Thread: dynamic allocation of string pointers

  1. #1
    Registered User
    Join Date
    Aug 2012

    dynamic allocation of string pointers

    The snippet below (or similar) compiles and runs OK but I am using Visual Studio C++ compiler. Are the lines where .nameFirst and .nameLast assigned kosher in ANSI C?

    Also I am concerned about the memory allocation for these string constants. Does the runtime system put them on the heap? It doesn't seem that they are really constants since they are not defined before runtime.


    #include "stdlib.h"
    typedef struct
     unsigned id;
     char* nameFirst;
     char* nameLast;
    } myList;
    int main(int argc, char* argv[])
     myList* myListP;
     myListP = (mylist*) calloc(10, sizeof(myList));
     myListP[0].nameFirst = "Jack";
     strcpy(myListP[0].nameLast = "Aubrey";

  2. #2
    Registered User
    Join Date
    Aug 2012
    Oops, no return statement in main(). Just threw this together in notepad....

  3. #3
    Registered User
    Join Date
    May 2009
    You failed to allocate space for first and last name variables if you wanted them to be C-Strings.

    The "=" does NOT copy the contents of a C-string; it just copies the address of the C-String.
    This is likely NOT what you want to do.

    Tim S.
    "...a computer is a stupid machine with the ability to do incredibly smart things, while computer programmers are smart people with the ability to do incredibly stupid things. They are,in short, a perfect match.." Bill Bryson

  4. #4
    Registered User hk_mp5kpdw's Avatar
    Join Date
    Jan 2002
    Northern Virginia/Washington DC Metropolitan Area
    The first assignment is technically safe/kosher, it assigns the address of the string literal "Jack" to the variable nameFirst for the first struct in your array. However this is usually not what most people want to do, since the string literal is read-only, if you attempt to modify this value with the pointer pointing to the string literal you are likely to get a crash. If you know you are going to be assigning string literals like this it is safer to make the pointer a const char* so the compiler can tell you when you do such things. In most cases you'd likely want to allocate space and then strcpy the info to it.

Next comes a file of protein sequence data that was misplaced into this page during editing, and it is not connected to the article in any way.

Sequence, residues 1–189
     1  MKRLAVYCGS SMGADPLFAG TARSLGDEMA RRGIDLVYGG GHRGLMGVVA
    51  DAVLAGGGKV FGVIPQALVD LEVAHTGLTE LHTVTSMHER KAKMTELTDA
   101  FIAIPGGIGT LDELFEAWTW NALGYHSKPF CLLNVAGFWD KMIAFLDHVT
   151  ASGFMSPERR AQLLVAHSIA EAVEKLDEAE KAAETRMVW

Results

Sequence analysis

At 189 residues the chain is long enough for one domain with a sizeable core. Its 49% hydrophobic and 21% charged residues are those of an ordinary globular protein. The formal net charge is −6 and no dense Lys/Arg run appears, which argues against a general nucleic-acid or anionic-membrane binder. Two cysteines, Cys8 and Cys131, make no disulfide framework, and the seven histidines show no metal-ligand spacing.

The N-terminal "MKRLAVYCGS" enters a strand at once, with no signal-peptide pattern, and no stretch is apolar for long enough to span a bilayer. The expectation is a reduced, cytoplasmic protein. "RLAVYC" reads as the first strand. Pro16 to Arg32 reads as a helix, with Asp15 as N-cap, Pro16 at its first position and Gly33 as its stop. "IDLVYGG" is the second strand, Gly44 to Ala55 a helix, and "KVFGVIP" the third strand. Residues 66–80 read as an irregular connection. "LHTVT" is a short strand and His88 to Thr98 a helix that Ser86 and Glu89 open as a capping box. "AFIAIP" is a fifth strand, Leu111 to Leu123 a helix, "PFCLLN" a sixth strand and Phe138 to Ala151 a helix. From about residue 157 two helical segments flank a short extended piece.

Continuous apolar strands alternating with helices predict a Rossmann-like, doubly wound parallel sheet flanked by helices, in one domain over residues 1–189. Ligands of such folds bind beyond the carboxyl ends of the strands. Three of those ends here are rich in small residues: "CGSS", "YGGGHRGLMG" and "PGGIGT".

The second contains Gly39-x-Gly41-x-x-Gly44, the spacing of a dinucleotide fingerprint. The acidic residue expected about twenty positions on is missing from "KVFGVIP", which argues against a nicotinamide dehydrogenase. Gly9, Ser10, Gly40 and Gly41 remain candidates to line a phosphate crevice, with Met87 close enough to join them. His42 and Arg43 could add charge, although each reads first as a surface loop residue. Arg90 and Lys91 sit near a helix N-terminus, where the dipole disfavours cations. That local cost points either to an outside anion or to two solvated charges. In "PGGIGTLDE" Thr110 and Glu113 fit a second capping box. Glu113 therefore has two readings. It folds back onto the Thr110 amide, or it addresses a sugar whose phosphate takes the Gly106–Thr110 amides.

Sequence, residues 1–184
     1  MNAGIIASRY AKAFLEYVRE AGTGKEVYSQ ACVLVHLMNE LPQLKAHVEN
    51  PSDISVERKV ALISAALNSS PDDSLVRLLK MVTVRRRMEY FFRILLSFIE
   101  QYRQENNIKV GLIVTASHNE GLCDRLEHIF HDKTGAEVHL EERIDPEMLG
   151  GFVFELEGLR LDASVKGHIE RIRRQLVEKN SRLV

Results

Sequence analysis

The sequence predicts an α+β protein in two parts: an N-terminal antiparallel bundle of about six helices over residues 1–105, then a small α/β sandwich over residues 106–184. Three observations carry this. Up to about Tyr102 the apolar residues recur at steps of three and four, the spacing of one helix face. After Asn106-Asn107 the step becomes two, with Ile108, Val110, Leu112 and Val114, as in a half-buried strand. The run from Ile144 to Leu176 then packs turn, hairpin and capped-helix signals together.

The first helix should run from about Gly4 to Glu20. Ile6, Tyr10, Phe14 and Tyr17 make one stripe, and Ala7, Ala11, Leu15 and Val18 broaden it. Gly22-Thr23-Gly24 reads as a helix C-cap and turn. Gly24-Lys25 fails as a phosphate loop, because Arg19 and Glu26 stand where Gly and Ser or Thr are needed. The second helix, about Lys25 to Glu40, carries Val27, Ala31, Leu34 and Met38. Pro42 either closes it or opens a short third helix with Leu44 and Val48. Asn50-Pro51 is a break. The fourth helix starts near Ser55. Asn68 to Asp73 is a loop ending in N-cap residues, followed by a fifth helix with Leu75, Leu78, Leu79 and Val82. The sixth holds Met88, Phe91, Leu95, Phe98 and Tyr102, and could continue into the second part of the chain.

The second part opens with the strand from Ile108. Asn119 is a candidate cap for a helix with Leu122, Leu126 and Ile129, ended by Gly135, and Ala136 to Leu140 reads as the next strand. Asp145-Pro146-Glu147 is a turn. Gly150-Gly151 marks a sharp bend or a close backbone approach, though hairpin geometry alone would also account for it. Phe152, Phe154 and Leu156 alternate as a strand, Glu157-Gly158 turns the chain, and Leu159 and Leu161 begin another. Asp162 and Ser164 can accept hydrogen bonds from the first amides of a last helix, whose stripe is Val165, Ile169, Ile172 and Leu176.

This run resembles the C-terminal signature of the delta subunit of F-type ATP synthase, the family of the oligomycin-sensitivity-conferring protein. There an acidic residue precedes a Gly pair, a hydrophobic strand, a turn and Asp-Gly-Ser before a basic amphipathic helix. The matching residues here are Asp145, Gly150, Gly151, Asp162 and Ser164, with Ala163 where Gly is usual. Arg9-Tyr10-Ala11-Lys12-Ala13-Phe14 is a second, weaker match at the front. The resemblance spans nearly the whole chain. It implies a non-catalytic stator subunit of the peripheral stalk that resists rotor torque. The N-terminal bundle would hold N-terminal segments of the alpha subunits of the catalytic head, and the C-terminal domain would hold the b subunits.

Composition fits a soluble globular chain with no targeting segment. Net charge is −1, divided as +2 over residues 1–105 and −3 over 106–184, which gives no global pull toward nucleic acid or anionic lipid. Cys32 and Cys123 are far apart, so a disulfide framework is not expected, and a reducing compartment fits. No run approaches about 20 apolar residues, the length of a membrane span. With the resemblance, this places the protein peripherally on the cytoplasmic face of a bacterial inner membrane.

The second is a syntax error as it currently stands... assuming you wrote it the proper way as strcpy(myListP[0].nameLast,"Aubrey"); it would be syntactically correct but still non-kosher as it attempts to copy data into an uninitialized pointer. You would need to first allocate space for that element (or point it to an existing writable buffer of an appropriate size) before using strcpy to copy data into it.

    Avoid casting the return value of malloc/calloc/realloc calls in C, C++ would force you to do this but in C it is better to simply assign the return value of such calls directly to the pointer variable without a cast. You also used "mylist" in the cast when it should have been "myList", remember case sensitivity.
    Last edited by hk_mp5kpdw; 03-12-2014 at 01:41 PM.
    "Owners of dogs will have noticed that, if you provide them with food and water and shelter and affection, they will think you are god. Whereas owners of cats are compelled to realize that, if you provide them with food and water and shelter and affection, they draw the conclusion that they are gods."
    -Christopher Hitchens

  5. #5
    Registered User
    Join Date
    Aug 2012
    Thanks folks.

    Duh me, I knew better. Must be the rabies vaccine.

    Figured there would be syntax errors and typos as I just typed it up in notepad.

    Thanks, again.

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